An increasing number of scientists from around the world are using X-ray based methods for the analysis of trace elements in environmental samples. X-ray analyses can be successfully performed both at synchrotron facilities and in modern laboratories with dedicated instrumentation.
Synchrotron X-ray methods can provide information on both the concentration and the speciation of trace constituents and is being utilized to unravel many chemical processes and transformations. Synchrotron generated X-rays can also help scientists to elucidate reactions occurring over different lengths and time scales, usually not possible with conventional laboratory instruments. In recent years, new beamlines dedicated to environmental analyses have been commissioned at synchrotron facilities around the world and new methodologies have been developed for fast and sensitive trace elements analyses in environmental matrices. However, the number of requests for beamtime at synchrotrons has also increased exponentially making it increasingly difficult to obtain access to these large facilities.
Nevertheless, recent technological improvements in X-ray optics and detectors (many of which were pioneered at synchrotron facilities) have been incorporated into modern analytical instruments. These incremental advancements allow in-house analyses using techniques previously available exclusively at synchrotron storage rings. The use of these sophisticated X-ray instruments allows scientists to generate robust data without a synchrotron light source, also very useful to justify future synchrotron experiments.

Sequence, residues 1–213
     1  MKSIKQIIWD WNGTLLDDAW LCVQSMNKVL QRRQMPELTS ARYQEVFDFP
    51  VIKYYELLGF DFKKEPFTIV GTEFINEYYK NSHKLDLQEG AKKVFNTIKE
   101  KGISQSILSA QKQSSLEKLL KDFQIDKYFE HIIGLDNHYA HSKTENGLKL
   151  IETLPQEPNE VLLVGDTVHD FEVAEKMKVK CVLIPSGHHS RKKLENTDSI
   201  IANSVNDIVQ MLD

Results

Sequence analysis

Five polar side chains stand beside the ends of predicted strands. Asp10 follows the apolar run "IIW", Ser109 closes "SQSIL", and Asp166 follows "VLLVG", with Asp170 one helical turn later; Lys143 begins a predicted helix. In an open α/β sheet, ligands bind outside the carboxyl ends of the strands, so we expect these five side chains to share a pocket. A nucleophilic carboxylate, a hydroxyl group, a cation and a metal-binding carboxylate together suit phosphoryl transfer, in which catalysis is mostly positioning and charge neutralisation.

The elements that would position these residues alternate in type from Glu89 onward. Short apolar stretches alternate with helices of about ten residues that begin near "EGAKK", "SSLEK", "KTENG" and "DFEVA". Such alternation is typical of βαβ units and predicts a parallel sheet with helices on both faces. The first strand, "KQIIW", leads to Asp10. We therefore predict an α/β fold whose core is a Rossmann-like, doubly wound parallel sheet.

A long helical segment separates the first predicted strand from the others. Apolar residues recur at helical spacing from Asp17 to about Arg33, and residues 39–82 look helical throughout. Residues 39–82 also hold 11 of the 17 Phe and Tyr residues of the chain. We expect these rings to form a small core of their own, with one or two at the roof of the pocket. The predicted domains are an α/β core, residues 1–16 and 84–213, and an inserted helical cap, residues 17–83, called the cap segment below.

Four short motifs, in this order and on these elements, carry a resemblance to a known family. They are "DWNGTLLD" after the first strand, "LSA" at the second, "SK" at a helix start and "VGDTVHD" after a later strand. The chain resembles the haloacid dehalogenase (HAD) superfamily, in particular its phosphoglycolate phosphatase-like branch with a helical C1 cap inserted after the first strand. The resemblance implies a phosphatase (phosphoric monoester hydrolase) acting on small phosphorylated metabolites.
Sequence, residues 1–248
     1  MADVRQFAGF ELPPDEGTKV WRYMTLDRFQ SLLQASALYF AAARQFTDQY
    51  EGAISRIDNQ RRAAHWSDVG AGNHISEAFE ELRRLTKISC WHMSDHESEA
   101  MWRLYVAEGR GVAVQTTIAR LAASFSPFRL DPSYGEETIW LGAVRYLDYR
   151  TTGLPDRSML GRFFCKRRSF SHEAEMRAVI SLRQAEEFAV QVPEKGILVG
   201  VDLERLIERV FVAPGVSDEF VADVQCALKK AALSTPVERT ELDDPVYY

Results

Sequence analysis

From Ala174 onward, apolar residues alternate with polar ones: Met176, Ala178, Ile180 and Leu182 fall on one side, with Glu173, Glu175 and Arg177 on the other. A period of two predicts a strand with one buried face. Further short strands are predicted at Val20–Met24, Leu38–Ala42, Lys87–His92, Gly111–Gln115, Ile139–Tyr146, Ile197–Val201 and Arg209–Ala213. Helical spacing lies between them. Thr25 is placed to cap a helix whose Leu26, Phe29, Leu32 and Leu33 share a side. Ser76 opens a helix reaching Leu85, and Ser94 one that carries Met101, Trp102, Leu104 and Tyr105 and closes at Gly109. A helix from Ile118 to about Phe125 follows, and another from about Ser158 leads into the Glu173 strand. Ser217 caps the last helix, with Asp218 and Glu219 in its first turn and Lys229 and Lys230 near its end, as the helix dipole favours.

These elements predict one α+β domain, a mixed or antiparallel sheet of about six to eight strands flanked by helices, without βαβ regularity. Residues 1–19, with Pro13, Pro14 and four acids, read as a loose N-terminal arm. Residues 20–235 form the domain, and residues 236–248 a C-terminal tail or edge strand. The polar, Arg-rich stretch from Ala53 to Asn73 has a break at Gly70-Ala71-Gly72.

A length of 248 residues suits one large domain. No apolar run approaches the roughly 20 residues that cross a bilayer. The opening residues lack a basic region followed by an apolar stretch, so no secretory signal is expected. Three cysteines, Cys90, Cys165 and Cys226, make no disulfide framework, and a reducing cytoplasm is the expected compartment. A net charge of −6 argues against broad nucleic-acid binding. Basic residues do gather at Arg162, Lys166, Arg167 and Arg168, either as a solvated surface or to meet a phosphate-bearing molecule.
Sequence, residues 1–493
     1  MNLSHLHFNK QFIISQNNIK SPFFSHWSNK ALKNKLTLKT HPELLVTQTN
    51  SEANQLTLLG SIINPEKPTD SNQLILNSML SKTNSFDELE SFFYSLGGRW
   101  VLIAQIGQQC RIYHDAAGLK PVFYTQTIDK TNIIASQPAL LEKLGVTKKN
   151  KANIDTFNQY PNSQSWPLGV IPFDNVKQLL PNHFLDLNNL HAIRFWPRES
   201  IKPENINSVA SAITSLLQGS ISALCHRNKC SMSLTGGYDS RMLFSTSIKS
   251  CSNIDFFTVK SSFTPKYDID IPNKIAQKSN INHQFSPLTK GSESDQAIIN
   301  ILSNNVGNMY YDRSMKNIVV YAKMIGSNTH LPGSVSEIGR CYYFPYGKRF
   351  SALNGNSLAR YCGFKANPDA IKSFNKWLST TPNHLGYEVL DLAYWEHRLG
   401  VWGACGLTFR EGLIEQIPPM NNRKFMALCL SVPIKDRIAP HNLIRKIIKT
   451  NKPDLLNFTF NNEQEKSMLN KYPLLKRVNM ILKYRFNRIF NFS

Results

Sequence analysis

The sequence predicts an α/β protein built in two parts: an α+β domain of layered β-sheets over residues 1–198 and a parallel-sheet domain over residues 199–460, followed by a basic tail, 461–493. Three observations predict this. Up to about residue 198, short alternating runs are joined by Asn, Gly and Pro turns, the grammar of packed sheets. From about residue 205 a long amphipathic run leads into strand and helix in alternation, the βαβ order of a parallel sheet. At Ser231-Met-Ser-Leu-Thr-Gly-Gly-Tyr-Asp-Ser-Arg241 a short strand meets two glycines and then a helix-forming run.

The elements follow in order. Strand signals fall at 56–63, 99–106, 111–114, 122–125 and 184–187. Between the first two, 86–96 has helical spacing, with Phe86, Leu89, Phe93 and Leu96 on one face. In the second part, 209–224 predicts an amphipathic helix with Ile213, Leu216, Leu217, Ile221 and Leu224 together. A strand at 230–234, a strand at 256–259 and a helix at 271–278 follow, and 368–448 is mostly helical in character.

The objective of IUPAC Project 2016-019-2-600 is to inform the environmental scientific community about recent developments in trace elements analysis of environmental samples with X-rays, available at synchrotron beamlines and with in-house laboratory instrumentation. Specifically, we are sharing the latest developments in X-ray technology (sources, optics, detectors) and sample preparation for the analysis of trace elements in environmental samples. Our goal is to promote the use of X-ray based methods among environmental scientists by enhancing the network of users, method developers, beamline scientists and instrument manufacturers.
To this purpose, a Special Symposium entitled “Trace elements analysis of environmental samples with X-rays” was organized during the 14th International Conference on Biogeochemistry of Trace Elements—ICOBTE 2017, which took place in Zurich, Switzerland. Thirty abstracts were received from 16 countries, with keynote lectures given by Antonio Lanzirotti from the University of Chicago (USA) and Laszlo Vincze from the University of Ghent (Belgium). The symposium, co-sponsored by Bruker Gmbh (Germany), was attended by about 100 participants. Three poster prizes were awarded by IUPAC Division VI to young participants: Barbara Lopata (Poland), Kathryn Spiers (Germany) and Antonio Caporale (Italy).
The symposia focused on how advances in instrumentation could be applied to understand the fate of trace elements in a variety of environmental problems. The morning session was devoted to synchrotron applications, while the afternoon session mainly focused on laboratory scale methodologies. During these sessions, recent improvements in X-ray analyses were presented. In particular, new developments in the fields of X-ray diffraction, X-ray fluorescence, and X-ray absorption were discussed. The latest developments using 2D and 3D applications were introduced, with a special emphasis on spatially resolved microscopic and submicroscopic analyses of minor and trace elements in environmental matrices.
After the symposium, the task group prepared an IUPAC Technical Report entitled “Recent advances in analysis of trace elements in environmental samples by X-ray based techniques”. The report has been published in Pure and Applied Chemistry (June 2019, 91(6), pp. 1029-1063; doi: 10.1515/pac-2018-0605.)
For more information and comments, contact Task Group chair Roberto Terzano <email@example.com> • www.iupac.org/project/2016-019-2-600
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